Effects of feeding sodium stearoyl-2-lactylate diets to lactating sows on performance, digestibility of nutrients, composition, and fat globule size in milk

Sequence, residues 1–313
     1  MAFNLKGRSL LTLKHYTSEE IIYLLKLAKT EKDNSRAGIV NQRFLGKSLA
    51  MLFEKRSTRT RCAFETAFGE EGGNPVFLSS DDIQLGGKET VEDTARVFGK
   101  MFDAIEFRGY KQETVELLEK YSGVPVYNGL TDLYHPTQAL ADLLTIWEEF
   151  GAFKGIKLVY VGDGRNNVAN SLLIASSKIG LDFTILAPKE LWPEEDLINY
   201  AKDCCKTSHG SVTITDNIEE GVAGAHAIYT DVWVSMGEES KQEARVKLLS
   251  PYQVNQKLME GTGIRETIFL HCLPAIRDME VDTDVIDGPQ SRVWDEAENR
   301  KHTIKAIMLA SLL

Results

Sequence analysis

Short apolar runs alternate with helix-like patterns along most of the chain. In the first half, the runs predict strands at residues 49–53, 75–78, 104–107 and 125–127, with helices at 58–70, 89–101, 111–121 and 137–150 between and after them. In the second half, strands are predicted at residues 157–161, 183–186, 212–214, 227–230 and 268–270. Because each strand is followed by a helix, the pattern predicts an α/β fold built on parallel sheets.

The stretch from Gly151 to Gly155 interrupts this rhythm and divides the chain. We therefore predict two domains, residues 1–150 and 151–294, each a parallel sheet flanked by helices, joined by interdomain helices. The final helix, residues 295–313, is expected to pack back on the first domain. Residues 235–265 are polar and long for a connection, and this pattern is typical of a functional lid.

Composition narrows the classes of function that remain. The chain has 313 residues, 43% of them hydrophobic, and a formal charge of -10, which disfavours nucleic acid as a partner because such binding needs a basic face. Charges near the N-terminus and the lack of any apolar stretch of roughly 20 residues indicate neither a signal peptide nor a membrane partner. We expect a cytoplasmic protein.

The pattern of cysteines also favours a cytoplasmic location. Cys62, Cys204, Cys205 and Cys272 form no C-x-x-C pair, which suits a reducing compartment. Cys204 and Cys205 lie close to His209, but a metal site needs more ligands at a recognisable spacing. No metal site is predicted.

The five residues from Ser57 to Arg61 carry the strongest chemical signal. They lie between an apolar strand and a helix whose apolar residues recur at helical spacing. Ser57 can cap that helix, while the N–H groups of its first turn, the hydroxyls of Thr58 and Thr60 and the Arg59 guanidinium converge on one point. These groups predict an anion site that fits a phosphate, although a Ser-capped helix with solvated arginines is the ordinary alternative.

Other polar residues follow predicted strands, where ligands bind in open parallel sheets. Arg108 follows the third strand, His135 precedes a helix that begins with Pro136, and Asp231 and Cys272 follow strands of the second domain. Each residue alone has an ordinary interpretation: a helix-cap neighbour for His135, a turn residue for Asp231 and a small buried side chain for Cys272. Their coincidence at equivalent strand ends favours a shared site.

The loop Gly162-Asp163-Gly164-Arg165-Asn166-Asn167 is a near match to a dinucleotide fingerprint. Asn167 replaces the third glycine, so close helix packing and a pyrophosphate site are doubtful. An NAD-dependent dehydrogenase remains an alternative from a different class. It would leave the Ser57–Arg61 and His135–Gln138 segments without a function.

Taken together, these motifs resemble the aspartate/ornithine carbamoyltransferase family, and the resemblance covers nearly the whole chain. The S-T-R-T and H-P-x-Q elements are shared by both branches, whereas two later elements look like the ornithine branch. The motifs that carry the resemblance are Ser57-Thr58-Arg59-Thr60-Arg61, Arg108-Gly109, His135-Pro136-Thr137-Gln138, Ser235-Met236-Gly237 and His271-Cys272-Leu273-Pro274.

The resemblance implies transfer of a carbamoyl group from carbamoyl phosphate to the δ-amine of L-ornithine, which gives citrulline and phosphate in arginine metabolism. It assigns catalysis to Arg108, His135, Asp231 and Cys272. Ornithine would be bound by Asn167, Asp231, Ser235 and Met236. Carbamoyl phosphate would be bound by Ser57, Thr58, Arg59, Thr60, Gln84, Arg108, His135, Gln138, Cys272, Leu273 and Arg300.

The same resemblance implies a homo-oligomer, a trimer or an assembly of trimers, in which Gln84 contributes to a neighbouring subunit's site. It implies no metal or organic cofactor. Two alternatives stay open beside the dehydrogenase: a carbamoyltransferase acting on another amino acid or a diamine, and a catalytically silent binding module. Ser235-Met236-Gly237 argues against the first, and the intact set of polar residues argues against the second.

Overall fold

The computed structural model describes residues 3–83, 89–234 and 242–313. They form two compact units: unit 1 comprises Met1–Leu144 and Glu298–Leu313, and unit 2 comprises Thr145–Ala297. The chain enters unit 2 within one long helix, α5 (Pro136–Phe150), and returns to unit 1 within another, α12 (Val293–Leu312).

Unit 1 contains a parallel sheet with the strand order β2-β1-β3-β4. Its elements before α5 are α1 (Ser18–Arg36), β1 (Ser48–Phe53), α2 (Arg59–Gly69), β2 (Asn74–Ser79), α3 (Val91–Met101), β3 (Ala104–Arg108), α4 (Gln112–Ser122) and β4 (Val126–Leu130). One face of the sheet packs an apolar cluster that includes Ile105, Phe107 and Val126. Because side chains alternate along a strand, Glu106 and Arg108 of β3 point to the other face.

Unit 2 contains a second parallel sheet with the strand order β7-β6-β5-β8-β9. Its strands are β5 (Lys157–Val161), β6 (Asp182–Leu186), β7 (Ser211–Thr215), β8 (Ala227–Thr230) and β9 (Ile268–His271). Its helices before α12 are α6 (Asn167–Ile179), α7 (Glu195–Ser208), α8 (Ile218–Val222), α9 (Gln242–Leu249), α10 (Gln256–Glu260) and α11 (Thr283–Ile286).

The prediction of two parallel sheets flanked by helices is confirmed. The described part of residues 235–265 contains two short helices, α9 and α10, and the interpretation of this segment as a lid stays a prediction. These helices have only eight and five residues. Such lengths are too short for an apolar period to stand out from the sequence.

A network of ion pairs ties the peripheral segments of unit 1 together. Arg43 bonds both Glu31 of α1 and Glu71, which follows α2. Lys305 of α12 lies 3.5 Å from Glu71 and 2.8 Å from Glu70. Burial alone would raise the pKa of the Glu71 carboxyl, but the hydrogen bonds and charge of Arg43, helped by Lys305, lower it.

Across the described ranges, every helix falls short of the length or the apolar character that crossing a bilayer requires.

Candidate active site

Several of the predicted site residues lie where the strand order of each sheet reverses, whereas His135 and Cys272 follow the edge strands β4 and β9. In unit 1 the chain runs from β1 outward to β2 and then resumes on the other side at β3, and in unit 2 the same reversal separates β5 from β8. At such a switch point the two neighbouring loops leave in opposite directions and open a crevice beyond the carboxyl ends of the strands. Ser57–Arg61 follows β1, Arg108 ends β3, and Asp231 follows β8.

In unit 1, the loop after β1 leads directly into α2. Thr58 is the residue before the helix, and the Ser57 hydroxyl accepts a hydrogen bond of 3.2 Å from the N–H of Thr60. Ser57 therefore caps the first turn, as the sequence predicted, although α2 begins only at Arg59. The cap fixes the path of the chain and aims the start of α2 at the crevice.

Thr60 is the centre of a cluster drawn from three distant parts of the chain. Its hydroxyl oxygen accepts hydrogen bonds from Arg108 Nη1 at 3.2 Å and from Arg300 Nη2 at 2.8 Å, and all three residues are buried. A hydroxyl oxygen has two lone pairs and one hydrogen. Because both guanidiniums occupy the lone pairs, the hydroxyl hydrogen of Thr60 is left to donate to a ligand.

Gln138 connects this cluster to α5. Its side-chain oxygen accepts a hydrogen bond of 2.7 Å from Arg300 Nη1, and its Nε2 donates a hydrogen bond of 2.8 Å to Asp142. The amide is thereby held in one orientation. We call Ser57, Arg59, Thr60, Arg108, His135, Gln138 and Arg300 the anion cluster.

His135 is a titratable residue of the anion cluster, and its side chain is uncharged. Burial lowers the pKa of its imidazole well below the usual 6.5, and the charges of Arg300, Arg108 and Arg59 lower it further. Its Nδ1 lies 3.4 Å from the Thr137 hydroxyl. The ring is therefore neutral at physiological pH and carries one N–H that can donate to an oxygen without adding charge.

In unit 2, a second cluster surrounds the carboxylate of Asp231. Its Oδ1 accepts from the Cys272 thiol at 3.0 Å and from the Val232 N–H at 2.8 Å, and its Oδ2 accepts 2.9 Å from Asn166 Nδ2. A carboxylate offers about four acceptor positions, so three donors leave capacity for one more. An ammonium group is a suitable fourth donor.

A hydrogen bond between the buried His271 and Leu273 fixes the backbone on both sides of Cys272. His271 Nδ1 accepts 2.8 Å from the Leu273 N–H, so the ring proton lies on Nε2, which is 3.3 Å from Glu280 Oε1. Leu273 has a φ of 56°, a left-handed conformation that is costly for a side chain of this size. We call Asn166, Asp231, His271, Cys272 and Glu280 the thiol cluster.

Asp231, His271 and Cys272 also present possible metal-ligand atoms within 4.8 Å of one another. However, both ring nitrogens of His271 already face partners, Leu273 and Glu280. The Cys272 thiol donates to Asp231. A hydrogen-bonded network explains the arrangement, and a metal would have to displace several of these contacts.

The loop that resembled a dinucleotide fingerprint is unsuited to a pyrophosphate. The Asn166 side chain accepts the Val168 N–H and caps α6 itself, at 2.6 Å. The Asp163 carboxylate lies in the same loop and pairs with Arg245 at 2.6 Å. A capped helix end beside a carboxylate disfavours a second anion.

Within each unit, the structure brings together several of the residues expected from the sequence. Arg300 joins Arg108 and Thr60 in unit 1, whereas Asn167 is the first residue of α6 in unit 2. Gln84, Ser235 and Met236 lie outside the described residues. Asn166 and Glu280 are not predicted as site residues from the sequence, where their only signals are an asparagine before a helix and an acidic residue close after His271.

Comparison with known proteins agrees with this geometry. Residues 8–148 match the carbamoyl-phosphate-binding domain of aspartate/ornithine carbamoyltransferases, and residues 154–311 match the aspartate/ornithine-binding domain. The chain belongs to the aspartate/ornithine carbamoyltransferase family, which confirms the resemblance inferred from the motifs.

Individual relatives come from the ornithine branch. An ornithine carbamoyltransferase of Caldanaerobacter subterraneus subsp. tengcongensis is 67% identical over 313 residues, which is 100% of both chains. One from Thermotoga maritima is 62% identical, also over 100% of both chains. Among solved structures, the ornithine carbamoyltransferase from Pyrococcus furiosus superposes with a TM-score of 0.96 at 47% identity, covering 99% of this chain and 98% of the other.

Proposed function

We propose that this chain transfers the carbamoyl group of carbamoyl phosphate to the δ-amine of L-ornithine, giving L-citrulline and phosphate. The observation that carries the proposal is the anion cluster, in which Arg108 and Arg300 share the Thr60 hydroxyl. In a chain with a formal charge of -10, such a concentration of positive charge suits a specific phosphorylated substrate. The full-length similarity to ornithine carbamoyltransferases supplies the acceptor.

The objective of this study was to determine the effects of feeding sodium stearoyl-2-lactylate (SSL) as a new feeding emulsifier diet with and without soybean oil (SO) on the milk fat globule (MFG) size, milk composition, digestibility of nutrients, and performance in lactating sows. Sixty sows (Large White × Landrace) were randomly assigned to 1 of 4 treatments according to a 2 × 2 factorial arrangement of treatments. Each treatment had 15 replicates composed of 1 sow. The factors included 1) the fat level (0% vs. 3% SO) and 2) the emulsifier content (0% vs. 0.1% SSL). Treatments included 1) Control (without SO and SSL), 2) SO (3% SO without SSL), 3) SSL (0.1% SSL without SO), and 4) SO + SSL (3% SO and 0.1% SSL). During the suckling period, sows in the SO + SSL group lost less back fat thickness (P < 0.05) compared to other groups; sows fed 3% SO diets consumed less feed (P < 0.05) compared to sows fed diets without SO, but there were no significant effects (P > 0.05) of dietary fat and its interaction with a dietary emulsifier on energy intake and the weaning-estrus interval. The digestibility of ether extract in the SO + SSL group was greater than in the SO group (P < 0.05). Moreover, greater digestibility of CP, Ca, and P in the SO+SSL group was observed compared to that of other groups (P < 0.05). Feeding the SO + SSL diet improved the concentrations of milk fat, protein, and total solids on d 11 of lactation compared to other diets (P < 0.05). Also, an interaction between supplemental SSL and SO was observed for the milk fat and total solids concentrations. The average diameter of MFG on d 11 of lactation was significantly decreased by the addition of 0.1% SSL compared to a diet with no SSL supplementation (P < 0.05). No significant differences among the dietary treatments were observed in cholesterol, triglyceride, high-density lipoprotein cholesterol, or low-density lipoprotein cholesterol in sows’ plasma (P > 0.05). In conclusion, feeding a 0.1% SSL diet to lactating sows may decrease the average diameter of MFG and improve the digestibility of nutrients and composition of milk.

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